It will not be acknowledged by those who cling to preaching of nonjudgmental pronouncements, but the fact of the matter is, evil actions must be recognized as products of evil ideas in people evil enough to blindly follow (and/or initiate) the destruction of human life in the name of some professed higher cause.  An individual’s life is all that any individual has and to sacrifice that for the pretense that there can be some justification for wiping out other individuals who are innocent of any aggression is the most ignorant and evil decision a person can make.  And to combine torture of the innocent with torture of the guilty into a rejection of torture as such, negates all who would fight the horrors of our enemies.  The compassionate soldier will be the dead soldier under these restrictions.  He will be confronted with the torture of losing his friend, the agony and torture of rejection by his commanders and country and for torturing the enemy he will be chastised as unworthy.  This vision will cause him to pause in an interrogation that may save his fellow soldiers.  This vision will appear as the rebuke to his common sense that everything must be tried to get the hiding place of the mass murderer or the location of the roadside bomb or the WMD’s that are destined to be launched.  This albatross will hang on his neck and if he survives he can stare at his prison wall, awaiting enemy torture, content that at least he did not disobey an irrational dictate to try to save his life and  his country.

The value of obedience is destroyed under the dictate of the irrational.  You cannot ask a soldier to fight to the death and exclude some intermediate action.  Just as you don’t supply your enemies with supplies neither should you exclude some tactic.  This only creates a weakness for the enemy to exploit.  How?  If an enemy knows he will not be tortured he can freely surrender and infiltrate our prison camps, communicate with other captured prisoners and eliminate any source of information susceptible to torture.  Meanwhile we treat the irrational as if they were rational and wonder why we are getting only erroneous information or no information at all.  They eat and sleep at our expense, utilize medical care, and for what?  For nothing.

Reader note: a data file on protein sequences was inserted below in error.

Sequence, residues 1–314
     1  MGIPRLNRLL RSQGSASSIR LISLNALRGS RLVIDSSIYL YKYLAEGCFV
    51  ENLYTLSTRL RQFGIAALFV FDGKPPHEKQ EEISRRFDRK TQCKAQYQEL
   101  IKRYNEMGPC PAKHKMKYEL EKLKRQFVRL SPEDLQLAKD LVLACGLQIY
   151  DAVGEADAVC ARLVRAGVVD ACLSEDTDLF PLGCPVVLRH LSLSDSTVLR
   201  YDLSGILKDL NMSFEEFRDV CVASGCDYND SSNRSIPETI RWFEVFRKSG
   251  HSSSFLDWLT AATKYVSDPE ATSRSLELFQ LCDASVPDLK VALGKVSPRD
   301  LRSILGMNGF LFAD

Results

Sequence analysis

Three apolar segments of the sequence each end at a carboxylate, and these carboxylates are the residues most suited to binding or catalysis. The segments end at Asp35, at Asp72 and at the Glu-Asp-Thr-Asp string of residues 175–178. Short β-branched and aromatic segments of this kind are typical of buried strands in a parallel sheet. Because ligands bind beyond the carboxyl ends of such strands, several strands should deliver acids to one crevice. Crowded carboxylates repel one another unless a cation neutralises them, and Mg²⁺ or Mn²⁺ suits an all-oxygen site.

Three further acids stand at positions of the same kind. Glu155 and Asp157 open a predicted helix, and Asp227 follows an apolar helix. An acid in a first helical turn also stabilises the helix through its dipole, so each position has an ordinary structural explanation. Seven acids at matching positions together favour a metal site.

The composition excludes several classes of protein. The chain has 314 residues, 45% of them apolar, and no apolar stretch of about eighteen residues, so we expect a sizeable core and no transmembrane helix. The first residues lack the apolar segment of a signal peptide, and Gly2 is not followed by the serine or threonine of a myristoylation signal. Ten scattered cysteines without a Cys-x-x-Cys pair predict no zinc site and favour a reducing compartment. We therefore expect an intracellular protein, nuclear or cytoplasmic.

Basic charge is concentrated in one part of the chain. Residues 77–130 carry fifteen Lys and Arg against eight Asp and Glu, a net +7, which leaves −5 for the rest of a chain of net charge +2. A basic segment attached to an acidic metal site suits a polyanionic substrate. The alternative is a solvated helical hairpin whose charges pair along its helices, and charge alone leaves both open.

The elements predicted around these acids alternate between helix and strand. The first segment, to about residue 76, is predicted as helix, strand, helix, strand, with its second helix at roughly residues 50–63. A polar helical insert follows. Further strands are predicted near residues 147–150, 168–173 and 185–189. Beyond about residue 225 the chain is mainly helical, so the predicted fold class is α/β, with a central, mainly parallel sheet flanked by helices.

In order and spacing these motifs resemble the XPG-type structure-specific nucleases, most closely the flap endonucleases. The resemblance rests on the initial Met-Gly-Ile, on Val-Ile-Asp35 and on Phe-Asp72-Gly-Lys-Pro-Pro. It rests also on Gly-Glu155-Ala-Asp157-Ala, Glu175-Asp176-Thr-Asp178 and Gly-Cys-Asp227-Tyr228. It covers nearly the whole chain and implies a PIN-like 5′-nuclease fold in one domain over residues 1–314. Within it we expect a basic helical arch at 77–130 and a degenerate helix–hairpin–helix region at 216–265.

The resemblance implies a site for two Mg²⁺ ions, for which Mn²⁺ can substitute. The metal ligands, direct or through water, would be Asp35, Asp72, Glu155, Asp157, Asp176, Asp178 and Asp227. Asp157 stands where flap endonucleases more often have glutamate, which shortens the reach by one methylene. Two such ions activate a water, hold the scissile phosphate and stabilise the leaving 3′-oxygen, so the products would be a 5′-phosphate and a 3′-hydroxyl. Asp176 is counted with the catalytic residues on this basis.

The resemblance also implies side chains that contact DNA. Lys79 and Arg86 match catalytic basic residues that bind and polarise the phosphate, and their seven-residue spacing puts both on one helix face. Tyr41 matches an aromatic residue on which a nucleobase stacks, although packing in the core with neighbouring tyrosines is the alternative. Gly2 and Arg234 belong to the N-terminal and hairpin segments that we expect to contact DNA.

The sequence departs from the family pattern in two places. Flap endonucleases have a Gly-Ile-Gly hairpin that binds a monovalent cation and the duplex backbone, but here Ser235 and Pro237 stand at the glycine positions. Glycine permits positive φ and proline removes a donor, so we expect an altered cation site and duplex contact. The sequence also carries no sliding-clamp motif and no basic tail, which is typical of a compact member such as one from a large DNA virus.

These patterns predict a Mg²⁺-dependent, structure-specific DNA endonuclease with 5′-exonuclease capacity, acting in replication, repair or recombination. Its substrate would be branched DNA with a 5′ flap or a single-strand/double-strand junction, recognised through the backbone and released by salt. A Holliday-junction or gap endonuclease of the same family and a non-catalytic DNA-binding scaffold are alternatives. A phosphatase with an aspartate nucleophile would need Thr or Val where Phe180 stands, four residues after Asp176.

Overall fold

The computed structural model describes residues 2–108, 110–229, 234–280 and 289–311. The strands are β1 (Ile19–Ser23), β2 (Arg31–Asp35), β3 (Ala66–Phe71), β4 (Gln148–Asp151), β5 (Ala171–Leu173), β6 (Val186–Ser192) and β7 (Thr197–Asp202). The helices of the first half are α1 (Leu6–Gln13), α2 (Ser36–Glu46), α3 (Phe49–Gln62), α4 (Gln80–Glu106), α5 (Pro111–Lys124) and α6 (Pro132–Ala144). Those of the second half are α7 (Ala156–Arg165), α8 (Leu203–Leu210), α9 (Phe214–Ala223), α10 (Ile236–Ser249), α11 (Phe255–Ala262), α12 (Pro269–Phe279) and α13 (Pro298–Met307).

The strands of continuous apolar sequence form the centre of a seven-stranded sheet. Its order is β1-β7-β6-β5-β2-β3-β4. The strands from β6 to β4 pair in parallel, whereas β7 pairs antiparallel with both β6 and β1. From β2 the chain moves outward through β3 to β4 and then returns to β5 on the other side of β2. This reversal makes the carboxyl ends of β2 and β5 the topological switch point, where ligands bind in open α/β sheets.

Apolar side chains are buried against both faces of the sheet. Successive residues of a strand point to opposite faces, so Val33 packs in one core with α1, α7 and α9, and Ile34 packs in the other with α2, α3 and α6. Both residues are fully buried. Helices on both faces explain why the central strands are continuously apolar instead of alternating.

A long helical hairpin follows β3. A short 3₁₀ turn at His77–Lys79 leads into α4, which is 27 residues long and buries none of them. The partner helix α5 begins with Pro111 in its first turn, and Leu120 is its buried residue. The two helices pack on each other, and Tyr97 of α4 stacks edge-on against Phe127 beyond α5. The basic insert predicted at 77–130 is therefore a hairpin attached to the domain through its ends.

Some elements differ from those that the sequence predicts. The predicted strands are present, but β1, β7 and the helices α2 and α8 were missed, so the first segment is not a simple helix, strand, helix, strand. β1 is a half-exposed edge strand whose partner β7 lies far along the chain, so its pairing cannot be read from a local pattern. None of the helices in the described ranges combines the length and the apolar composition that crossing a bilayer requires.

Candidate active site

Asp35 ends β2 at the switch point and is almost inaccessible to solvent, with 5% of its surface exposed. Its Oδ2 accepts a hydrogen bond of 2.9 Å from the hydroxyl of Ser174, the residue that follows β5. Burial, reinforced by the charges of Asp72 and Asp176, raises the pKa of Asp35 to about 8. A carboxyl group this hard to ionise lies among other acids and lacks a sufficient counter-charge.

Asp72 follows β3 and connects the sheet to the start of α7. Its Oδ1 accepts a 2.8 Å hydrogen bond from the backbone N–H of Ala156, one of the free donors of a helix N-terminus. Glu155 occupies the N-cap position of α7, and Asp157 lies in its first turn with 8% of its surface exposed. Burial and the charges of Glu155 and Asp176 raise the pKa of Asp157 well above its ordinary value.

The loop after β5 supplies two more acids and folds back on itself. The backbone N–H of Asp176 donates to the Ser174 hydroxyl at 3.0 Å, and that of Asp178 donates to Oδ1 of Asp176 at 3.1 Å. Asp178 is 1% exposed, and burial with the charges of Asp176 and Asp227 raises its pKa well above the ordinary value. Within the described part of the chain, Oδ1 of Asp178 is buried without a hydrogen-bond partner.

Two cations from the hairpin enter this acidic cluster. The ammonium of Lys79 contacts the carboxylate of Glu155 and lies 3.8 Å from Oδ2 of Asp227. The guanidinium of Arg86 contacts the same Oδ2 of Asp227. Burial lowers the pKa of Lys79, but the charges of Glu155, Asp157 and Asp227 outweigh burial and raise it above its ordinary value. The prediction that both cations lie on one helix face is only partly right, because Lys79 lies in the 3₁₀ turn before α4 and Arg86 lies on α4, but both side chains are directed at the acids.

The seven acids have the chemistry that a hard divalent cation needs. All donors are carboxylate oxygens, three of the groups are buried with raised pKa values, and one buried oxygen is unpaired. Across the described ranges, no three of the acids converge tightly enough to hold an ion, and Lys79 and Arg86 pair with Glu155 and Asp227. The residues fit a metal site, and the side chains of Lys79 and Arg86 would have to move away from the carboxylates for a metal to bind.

What good will it do for us to be known as the people who would not torture their enemies.  Does this set a standard for the world?  Certainly not for our muslim enemies.  Certainly not for other nations that utilize it as a tactic of war.  And certainly not for the American soldier who in the thick of battle realizes that this tactic may be all that is left to save himself, his buddies or his country.  There is no excuse for taking torture off the table.  We are being laughed at by our enemies who now know that we can be intimidated by a moral code that is intellectually bankrupt but is preached as if there had been no invalidation.  We are a superpower only to the extent we can utilize superpower.  If war is to determine our survival we cannot accept that we were better than the enemy but we lost.  We must fight tooth and nail to eradicate this menace and if killing is good enough for them so is torture.  And if torture is defined as humiliation so much the better.  Better them than us.

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The opinions expressed in this commentary are solely those of the author and are not not necessarily either shared or endorsed by iPatriot.com.

Dale Netherton

Author of four published books, former Marine, forester, former plant services manager,former KT facilitator, former campgound builder and manager, handyman now retired to writing , chess , golf and fishing. ISU graduate, M.B.A. from Nova University and longtime supporter of ARI. http://www.amazon.com/Dale-L.-Netherton/e/B00G1T6A26/ref=dp_byline_cont_book_1